Thinking of ways to reduce plastic usage seems like a hard battle to begin. After all, plastic is so convenient – there for us whenever we need a bottle of water at the gym or when we don’t have time to wash a coffee cup or lunch plate.
And so many things come in it which we can simply unwrap and enjoy. Plus, it’s made itself an integral part of so many of our daily errands – from carrying our groceries home in it to wrapping up our trash with it.
Plastic is everywhere. So much so that it’s hard to imagine a world without plastic and all its inherent ease of use.
But when you stop and think about it, you quickly realize that plastic – as convenient as it is – is more foe than friend.
And once you get to know a few breathtaking facts – like how plastic takes up to 1000 years to decompose or that it is estimated that by mid-century, the amount of plastics in our ocean, which is already astronomical, will outweigh fish, ton for ton – it’s hard to go back to the flippant daily use of all things plastic.
And of course, once you really go down the plastic rabbit hole, you discover the whole array of our dysfunctional relationship with plastic. Like how of the 8.3 metric tons of plastic produced each year, 6.3 metric tons of it becomes waste – and of that, a mere 9% gets recycled.
And this is in addition to plastic being a petroleum product that needs to be mined from the earth, and which contains many toxic chemicals which can cause everything from early onset puberty in boys and girls, to weight gain and cancer for all of us.
Before you know it, you hit a point where everything good and decent in you finally screams: no more. No more plastic – even if that means I’ll be making some dreaded changes.
The good news is that a lot of these changes needn’t be so dreaded after all. If you’ve finally hit that point of no-going-back-to-mindless-plastic-consumption, we say welcome to the club!
And here’s 22 easier-than-you-expected ways to reduce your daily plastic consumption!
Seriously, this is the first thing that’s got to go.
To produce the approximately 50 billion disposable plastic water bottles sold in the US last year, it took about 17 billion barrels of crude oil, which is about enough to power 1.3 million cars for an entire year.
That alone is reason enough to re-think your use of disposable plastic water bottles, and by filtering your own water and re-using a glass or metal (preferably stainless steel) water bottle, you can to your part in reducing these alarming statistics.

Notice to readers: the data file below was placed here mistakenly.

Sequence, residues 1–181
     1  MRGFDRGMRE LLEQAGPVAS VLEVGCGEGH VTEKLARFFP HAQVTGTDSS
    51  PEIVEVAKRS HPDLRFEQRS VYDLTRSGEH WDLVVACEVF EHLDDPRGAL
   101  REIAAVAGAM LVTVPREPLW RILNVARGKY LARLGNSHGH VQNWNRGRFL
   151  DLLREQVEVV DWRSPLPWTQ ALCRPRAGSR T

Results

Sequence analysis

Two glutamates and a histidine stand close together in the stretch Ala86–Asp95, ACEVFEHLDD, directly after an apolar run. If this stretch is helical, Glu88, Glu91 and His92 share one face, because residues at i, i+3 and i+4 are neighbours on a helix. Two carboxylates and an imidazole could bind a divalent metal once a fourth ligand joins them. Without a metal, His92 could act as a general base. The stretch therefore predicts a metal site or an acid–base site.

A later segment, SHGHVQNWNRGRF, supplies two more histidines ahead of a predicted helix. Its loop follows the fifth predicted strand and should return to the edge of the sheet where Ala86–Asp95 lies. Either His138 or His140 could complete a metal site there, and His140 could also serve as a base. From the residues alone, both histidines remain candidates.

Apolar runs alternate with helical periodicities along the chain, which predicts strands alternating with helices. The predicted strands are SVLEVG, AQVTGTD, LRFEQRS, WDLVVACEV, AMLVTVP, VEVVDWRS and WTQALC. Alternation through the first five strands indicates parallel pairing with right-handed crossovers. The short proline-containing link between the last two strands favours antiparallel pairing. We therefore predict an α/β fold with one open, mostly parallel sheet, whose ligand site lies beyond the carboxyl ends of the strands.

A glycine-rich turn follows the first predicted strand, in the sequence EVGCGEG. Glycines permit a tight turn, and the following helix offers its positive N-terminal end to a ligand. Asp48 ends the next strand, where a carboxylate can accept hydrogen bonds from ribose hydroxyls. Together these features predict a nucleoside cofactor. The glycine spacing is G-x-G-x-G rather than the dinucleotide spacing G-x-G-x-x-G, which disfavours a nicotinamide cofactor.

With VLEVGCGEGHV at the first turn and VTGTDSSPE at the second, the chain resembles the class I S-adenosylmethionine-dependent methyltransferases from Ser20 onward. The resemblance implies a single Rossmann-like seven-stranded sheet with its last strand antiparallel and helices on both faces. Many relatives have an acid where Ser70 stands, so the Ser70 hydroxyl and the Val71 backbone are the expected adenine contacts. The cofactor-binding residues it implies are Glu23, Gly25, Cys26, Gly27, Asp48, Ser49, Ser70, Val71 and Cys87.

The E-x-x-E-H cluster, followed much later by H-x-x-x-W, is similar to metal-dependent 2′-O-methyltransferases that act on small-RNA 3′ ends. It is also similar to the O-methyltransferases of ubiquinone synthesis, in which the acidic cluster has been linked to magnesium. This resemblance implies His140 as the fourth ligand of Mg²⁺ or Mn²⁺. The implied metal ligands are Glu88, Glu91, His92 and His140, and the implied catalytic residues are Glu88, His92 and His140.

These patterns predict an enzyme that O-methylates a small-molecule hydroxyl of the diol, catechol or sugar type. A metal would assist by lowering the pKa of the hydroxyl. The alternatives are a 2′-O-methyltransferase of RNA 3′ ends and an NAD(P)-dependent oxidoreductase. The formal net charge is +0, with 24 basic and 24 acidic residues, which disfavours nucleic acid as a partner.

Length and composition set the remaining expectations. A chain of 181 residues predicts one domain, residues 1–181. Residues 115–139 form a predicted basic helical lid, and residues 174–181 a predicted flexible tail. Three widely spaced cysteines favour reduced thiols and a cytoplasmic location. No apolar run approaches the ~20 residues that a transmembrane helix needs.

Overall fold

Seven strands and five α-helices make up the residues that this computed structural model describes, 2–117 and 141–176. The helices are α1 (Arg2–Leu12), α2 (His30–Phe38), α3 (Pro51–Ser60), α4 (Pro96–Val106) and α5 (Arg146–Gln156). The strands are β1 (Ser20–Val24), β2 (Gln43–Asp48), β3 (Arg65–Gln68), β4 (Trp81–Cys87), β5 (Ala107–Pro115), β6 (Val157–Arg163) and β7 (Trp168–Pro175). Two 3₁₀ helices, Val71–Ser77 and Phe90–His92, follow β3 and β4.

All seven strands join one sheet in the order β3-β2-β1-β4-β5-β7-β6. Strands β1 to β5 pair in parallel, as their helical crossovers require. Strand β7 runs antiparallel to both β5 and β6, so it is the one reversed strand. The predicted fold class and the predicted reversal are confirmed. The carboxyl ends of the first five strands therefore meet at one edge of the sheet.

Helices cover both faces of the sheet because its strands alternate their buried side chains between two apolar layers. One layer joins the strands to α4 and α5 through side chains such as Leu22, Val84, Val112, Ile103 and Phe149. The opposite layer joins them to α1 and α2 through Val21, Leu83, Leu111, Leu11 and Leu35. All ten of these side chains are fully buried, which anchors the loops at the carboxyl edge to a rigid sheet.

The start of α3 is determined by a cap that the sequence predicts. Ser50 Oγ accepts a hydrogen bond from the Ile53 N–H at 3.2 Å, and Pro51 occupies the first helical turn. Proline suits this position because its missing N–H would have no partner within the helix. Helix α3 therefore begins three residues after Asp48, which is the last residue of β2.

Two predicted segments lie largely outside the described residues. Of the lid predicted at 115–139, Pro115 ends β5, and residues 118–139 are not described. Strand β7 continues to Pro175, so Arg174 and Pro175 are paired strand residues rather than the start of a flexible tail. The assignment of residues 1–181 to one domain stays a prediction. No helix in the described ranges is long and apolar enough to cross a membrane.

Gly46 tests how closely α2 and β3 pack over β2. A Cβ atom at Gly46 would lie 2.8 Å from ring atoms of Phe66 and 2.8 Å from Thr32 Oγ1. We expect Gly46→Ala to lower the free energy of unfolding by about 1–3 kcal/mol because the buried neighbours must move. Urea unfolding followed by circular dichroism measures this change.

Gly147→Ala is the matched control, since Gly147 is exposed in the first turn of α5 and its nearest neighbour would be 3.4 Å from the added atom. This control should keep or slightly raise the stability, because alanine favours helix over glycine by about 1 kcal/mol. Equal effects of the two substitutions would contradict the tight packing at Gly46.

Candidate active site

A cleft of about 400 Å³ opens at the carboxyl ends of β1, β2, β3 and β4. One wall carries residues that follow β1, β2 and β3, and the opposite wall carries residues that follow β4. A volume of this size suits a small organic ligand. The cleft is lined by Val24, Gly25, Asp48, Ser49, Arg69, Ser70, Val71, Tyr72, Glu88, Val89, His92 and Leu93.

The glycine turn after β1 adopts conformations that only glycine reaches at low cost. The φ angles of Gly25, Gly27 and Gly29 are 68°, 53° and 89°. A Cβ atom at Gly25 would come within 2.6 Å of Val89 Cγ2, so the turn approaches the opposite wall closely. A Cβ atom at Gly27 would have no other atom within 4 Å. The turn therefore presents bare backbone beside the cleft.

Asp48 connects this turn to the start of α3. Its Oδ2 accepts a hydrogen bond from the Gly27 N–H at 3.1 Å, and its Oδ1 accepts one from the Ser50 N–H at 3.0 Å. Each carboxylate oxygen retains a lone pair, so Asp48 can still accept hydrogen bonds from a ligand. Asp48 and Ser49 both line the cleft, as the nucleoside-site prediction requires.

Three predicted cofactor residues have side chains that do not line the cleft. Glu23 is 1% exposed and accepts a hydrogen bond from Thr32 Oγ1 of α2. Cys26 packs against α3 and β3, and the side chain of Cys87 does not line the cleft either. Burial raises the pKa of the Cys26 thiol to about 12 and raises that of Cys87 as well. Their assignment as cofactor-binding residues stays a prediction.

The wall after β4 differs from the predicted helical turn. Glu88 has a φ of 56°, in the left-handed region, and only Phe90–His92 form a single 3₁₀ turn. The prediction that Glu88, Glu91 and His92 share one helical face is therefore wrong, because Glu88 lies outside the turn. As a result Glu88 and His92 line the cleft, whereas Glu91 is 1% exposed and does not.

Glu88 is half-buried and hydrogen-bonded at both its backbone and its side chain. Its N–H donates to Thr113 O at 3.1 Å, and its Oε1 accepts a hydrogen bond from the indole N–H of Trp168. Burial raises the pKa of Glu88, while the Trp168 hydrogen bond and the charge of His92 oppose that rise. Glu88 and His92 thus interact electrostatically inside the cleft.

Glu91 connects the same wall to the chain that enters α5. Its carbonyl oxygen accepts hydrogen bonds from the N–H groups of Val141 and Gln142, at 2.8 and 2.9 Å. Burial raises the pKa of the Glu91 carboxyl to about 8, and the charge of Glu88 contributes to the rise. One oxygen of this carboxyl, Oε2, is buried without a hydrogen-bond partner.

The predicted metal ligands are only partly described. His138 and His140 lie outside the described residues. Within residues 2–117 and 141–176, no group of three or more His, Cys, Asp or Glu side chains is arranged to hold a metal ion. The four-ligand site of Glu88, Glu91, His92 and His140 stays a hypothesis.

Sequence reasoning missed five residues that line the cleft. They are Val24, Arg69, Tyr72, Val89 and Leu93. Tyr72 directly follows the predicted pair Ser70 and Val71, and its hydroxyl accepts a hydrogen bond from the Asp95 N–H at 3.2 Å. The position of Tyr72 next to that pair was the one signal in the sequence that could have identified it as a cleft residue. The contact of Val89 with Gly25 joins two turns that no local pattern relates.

And you know what? This is actually a lovely first step because this is the time you get to gift yourself a gorgeous water bottle you’ll love a lot more than that Dasani piece of plastic crap you were using.
The natural next step is to BYOB – or Bring Your Own Bag when you shop.
Most stores now offer reusable grocery bags for purchase at a nominal price, and you can also bring along the same grocery bags the store provided you on your last trip there.
Keep in mind too that many stores now charge you for disposable bags, while offering you a small discount for bringing your own, so not only can you help the environment, you can save money as well.
While many coffee shops now offer paper cups, the caps placed on them are another story.
By making a small investment in a thermal cup which can be reused, not only can you do your part in reducing plastic consumption, personal cups are also typically safer due to screw-on lids and less flimsy materials, and can also save you money.
Since most coffee shops offer discounts for those who bring their own, and also charge you only for a small coffee, no matter how large your reusable cup is, you can see noticeable savings over the course of time (plus you get more coffee that way!).
The loudest message you can send to companies is loss of sales, and by avoiding mail order companies who use bubble wrap or plastic packing peanuts, you can do just that.
With many starch peanut and paper packing materials available for companies to use, there is no reason for anyone to settle for anything less. Let them know.
Look for companies who do not use plastic as part of their packaging, such as bread companies who use paper, or drink companies who sell their products in glass.
Not only does using these materials lighten the environmental and health impacts of using plastic, they are also typically more recyclable – and in many cases, reusable – as well.
Sure, the lunch counter is convenient, and getting something to go is a great way to get outside and enjoy the sunshine. But considering how much plastic is disposed of every time you enjoy lunch and a drink, don’t you think it may be time to start bringing your own?
Plus, by using tempered glass (or other material) containers, you are avoiding the BPA’s and other toxins which plastics contain—not to mention saving a few dollars in food costs along the way.
Not only can using tempered glass containers to store leftovers save plastic, they are also less expensive in the long-run, and more convenient as well.
Not only you are not throwing cellophane away – which costs you money – but leftovers can be easily re-heated in the container they were stored in. Win win!